India slashes corporate taxes to give a boost to economy
India unveiled a $20bn package of corporate tax cuts on Friday sparking the biggest one-day jump in Bombay’s stock market in a decade, as the government of Narendra Modi looks to revive economic growth that has tumbled to a six-year low.
In a surprise fiscal loosening, Nirmala Sitharaman, finance minister, slashed corporate tax rates to the lowest levels in India’s post-independence history in a bid to lift the gloom that has enveloped the business community and boost India’s appeal to foreign investors.
New Delhi cut its basic corporate tax rate from 30 per cent to 22 per cent, meaning the effective corporate tax rate — including surcharges and cesses — will drop from 34.94 per cent at present to 25.17 per cent.
New manufacturing companies will be treated even more favourably. Their basic tax rate will be cut from 25 per cent to 15 per cent if they incorporate after October 1 and commence production by March 31 2023. The effective tax rate for companies fulfilling these criteria will be 17 per cent.
The BSE Sensex leapt on the news, closing up 5.3 per cent. Amid the equity market’s jubilation, Mr Modi called the tax cuts a “historic” move and a “win-win” that would create more jobs for India’s 1.3bn people.
The cuts, he tweeted, “clearly demonstrate that our government is leaving no stone unturned to make India a better place to do business, improve opportunities for all sections of society and increase prosperity”.
While Ms Sitharaman said the government would forgo an estimated $20bn in revenues each year as a result of the cuts, New Delhi is betting that reduced tax rates will boost businesses sentiment and spur a revival in muted private investment.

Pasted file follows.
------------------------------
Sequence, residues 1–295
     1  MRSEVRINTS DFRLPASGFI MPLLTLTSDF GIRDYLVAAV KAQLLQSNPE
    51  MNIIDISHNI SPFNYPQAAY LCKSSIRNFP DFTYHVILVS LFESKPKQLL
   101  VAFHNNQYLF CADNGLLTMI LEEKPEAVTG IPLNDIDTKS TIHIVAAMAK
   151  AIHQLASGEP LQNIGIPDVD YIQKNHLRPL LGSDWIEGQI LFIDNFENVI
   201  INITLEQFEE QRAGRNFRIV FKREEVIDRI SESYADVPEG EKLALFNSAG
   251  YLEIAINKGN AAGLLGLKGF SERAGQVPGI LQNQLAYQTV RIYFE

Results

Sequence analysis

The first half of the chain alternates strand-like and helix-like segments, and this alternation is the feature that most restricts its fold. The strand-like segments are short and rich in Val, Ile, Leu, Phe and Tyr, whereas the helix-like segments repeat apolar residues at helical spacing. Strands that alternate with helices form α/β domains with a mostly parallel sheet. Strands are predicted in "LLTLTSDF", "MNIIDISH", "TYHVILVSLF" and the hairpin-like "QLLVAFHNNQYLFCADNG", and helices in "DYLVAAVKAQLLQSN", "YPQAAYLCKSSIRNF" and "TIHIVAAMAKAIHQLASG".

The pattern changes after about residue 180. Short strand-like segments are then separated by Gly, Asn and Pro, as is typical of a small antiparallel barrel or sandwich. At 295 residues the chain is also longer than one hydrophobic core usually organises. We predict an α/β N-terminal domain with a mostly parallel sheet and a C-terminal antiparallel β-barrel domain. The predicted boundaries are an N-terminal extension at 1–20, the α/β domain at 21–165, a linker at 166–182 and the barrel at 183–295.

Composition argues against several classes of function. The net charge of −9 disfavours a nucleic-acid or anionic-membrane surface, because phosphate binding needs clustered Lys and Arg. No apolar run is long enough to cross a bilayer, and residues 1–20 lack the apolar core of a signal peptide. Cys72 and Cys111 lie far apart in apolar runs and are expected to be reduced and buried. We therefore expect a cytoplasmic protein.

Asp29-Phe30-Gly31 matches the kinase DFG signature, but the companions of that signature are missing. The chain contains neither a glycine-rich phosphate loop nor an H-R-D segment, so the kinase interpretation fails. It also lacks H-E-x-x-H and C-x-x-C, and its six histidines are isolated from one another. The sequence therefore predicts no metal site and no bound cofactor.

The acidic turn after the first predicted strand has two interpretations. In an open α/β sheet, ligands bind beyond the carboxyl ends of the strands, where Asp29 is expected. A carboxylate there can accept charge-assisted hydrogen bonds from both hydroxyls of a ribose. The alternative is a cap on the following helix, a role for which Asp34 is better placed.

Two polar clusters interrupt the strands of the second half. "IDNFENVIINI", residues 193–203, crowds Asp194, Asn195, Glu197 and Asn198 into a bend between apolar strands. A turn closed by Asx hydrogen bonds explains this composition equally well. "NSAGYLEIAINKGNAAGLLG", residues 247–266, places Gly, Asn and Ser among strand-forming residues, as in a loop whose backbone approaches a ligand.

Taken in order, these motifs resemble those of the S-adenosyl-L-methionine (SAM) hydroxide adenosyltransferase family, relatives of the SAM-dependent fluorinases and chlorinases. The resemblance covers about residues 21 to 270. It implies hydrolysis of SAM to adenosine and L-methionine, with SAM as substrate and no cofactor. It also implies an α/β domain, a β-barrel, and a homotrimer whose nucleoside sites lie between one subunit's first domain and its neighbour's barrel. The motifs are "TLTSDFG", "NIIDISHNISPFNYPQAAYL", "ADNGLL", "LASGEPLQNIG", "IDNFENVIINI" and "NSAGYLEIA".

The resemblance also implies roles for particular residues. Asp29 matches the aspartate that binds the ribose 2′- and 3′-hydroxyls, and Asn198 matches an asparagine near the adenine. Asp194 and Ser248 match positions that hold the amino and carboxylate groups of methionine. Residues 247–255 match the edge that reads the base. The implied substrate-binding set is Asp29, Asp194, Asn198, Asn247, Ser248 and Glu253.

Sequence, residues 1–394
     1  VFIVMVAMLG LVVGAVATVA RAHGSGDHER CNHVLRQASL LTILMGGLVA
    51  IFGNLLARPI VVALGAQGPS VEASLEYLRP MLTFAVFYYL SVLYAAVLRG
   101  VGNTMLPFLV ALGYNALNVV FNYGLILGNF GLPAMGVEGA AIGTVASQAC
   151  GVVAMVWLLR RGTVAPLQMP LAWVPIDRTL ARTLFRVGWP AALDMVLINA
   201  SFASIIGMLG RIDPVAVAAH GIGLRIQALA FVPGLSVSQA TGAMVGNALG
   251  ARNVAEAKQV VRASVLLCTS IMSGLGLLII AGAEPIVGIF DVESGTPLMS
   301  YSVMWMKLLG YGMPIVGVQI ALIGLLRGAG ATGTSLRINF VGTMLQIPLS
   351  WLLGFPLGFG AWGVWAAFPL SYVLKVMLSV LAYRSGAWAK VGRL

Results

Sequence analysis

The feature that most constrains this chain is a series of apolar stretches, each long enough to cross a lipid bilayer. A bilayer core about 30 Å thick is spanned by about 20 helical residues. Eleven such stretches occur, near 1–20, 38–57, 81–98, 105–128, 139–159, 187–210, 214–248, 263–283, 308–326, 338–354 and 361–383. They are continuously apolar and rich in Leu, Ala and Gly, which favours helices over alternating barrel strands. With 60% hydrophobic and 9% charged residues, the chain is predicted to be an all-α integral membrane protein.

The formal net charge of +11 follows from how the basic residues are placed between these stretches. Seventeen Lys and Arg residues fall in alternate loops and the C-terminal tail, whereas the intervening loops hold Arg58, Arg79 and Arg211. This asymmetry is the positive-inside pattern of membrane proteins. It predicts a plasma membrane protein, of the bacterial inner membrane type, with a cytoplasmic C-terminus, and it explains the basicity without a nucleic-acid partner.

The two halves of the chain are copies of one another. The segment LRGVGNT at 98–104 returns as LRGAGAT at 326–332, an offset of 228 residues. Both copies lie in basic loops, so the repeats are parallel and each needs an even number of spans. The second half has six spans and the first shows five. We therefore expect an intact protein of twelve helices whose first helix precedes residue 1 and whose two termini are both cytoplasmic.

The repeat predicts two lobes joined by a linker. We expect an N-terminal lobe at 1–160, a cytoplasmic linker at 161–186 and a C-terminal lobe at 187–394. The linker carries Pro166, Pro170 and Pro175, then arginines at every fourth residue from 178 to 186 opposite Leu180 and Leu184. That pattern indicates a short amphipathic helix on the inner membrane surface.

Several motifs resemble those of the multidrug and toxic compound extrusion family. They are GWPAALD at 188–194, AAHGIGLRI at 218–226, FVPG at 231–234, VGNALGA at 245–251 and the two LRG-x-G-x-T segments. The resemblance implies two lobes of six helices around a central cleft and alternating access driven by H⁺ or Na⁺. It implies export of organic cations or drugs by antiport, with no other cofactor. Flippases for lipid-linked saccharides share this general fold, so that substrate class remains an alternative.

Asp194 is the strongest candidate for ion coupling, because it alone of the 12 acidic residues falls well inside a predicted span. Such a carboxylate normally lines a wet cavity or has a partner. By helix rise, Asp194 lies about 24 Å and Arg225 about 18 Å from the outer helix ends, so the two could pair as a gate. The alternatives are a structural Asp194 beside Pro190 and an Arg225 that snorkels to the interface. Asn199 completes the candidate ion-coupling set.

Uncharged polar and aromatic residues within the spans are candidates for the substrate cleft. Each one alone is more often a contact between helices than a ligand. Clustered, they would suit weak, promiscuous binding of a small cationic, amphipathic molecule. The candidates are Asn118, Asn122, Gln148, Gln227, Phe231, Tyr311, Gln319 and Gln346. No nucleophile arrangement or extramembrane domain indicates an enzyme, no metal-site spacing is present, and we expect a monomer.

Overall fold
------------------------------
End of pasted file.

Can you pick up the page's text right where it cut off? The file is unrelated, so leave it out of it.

Indian entrepreneurs hailed the cuts as a transformative step to revive flagging confidence and animal spirits. “This is the best move ever,” Kiran Mazumdar-Shaw, chief executive and founder of Bangalore-based Biocon, a pharmaceutical company, told an Indian television channel. “This will kick-start the economy.”
Uday Kotak, chief executive of Kotak Mahindra Bank, called the cuts a “big bang reform” and a “a bold progressive step forward”.
He tweeted that the lower tax rate allowed “Indian companies to compete with lower tax jurisdictions like the US. It signals that our government is committed to economic growth and supports legitimate tax abiding companies”.
But even as equity markets rallied, investors sold off Indian bonds amid concerns about the hit to public finances, causing yields to rise to 6.8 per cent. Analysts were already sceptical that New Delhi could meet this year’s ambitious fiscal deficit target of 3.3 per cent of gross domestic product, given the ongoing sharp slowdown, and the cuts will reinforce those doubts.
A Standard Chartered research note said the cuts would have a “significant fiscal impact”, equivalent to 0.7 per cent of GDP, unless accompanied by big spending cuts.
The note said the moves were “positive for sentiment, and thus growth”, but that a pick-up in investment was unlikely to come immediately, given the excess capacity already in the economy.
Shilan Shah, senior India economist at Capital Economics, wrote that the fiscal loosening “is likely to provide a small boost to economic growth over coming quarters” and “significantly increase the chances”of New Delhi overshooting its deficit target.
“While bond yields are likely to remain under pressure, we think the rally in equities since the announcement will prove shortlived,” he wrote.
Indian businesses have long complained that the country’s onerous tax burden makes it tough for them to compete with companies based in other emerging markets.
Ms Sitharaman said that India’s corporate tax regime would now be “almost at par with many of the Asian and south-east Asian countries”.
Nilesh Shah, managing director of Kotak Mahindra Mutual Fund, said the cut for new manufacturing investment was a “master stroke” that would help India woo companies looking for an alternative to China amid rising trade tensions between Beijing and Washington.
India’s economic growth has slowed for five consecutive quarters, tumbling to 5 per cent year on year in the April to June quarter, its lowest level in six years. Consumer spending growth has also slowed sharply as incomes have failed to rise, and private investment has been muted for years.
Despite Mr Modi’s landslide re-election victory in May, the business community had expressed gloom and disappointment with his administration’s record on economic management.